The Lancaster County jury commissioner's office is trying to make it less of a headache to get called for jury duty.
Potential jurors aren't off the hook. They're still needed to weigh evidence and decide the trials that move through the county and district courtrooms in Lincoln.
But the office is streamlining how it handles the 1,000 to 2,000 notices it sends out each month to a pool of people who could end up sitting on a jury at Lincoln's Hall of Justice.
District Court Clerk Troy Hawk said when the jury commission moved to his office from the Lancaster County Election Commissioner's Office in November 2016, one of his primary goals was to try to make it more efficient.
The two clerks were handling a lot of paper, and they still need to for some things, Hawk said.
For others, he said, they worked with the city's information services staff, which already had developed a system to compile the list of potential jurors from the Department of Motor Vehicles and the Election Commission, to cut where they could.
Now potential jurors who get a packet in the mail to be summoned for jury duty can log on to a website at lancaster.ne.gov/discrt/jury and follow the link to complete the questionnaire online.
Before, they had to wait to get the packet back in the mail, then enter the information themselves, a redundancy cut out, jury clerk Nicole Miller said.
Then there were those who procrastinated filling out the paperwork who went to the courthouse to drop it off.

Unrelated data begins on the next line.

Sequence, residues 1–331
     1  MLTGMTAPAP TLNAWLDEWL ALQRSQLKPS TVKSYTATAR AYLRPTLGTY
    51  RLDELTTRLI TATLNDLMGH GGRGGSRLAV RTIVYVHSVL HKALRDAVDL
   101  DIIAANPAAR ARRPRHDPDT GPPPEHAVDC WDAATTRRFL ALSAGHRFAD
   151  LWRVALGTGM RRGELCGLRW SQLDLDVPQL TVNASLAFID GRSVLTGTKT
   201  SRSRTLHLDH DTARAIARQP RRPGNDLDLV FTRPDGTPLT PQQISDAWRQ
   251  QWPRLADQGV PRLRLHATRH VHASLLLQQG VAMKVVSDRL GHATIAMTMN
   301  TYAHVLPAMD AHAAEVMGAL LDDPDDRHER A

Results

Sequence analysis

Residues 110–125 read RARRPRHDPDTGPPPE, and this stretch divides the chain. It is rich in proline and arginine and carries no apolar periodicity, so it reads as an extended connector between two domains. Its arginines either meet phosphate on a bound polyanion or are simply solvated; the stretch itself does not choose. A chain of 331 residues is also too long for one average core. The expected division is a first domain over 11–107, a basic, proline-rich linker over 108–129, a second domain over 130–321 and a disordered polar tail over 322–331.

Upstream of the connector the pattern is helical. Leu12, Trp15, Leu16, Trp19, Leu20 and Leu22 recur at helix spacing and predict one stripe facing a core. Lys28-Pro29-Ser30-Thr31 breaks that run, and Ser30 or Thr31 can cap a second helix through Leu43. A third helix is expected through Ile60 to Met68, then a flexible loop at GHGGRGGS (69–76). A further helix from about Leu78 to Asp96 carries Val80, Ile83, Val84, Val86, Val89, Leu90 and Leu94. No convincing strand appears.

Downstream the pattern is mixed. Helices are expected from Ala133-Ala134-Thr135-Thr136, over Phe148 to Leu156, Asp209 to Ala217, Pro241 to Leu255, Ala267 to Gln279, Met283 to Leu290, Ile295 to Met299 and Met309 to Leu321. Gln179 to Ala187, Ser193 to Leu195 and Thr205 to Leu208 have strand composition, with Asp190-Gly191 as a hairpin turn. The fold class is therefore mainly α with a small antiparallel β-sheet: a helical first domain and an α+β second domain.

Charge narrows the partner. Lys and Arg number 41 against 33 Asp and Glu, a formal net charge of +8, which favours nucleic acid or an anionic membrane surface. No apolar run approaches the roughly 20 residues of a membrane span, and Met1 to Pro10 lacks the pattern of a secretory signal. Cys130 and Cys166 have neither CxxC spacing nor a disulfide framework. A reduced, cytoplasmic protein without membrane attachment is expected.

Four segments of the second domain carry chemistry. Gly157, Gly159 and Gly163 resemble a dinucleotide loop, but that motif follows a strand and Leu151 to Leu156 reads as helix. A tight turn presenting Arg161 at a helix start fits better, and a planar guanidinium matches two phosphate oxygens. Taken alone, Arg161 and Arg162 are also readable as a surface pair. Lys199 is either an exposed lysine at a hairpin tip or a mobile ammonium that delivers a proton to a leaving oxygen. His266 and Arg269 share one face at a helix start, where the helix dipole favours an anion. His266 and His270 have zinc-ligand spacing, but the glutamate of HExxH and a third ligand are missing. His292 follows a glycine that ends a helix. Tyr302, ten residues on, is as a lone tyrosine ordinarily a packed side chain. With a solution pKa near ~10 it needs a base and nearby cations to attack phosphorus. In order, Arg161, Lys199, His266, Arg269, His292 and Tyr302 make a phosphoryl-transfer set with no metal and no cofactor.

"This way, they can log on and as soon as they hit the final button at the end, they're done," Hawk said.
In December, the county started rolling out the changes slowly by giving half of the potential jurors for the February pool the option to respond online.
Hawk said they were excited to get a 28 percent response rate without any marketing. He'd been told by other jury commissioners across the state that 25 to 28 percent was as good as they could expect.
But, he said, it's like the Department of Motor Vehicles and other state agencies offering more online options.
"I think that's just an expectation that people have, that they can just do it electronically. And it also saves us a lot of time and effort," Hawk said.
Not only does it save staff time typing in the questionnaire information, it also ties into the system for paying jurors. So the office can track more easily and quickly who showed up for jury selection versus who was chosen to be on a jury.
For now, you can still expect to get a phone call from one of the two clerks in the office, if you're one of the 275 to 450 people on average a month of the pool called to report for jury duty.
Hawk said he thinks Lancaster County may be one of the few counties still to do it that way, rather than sending out an email or robocall, or having a recording that jurors call in to hear when and where they need to report.
No doubt about it, it takes the two clerks days to make all those calls.
But they like knowing for sure that potential jurors got the information.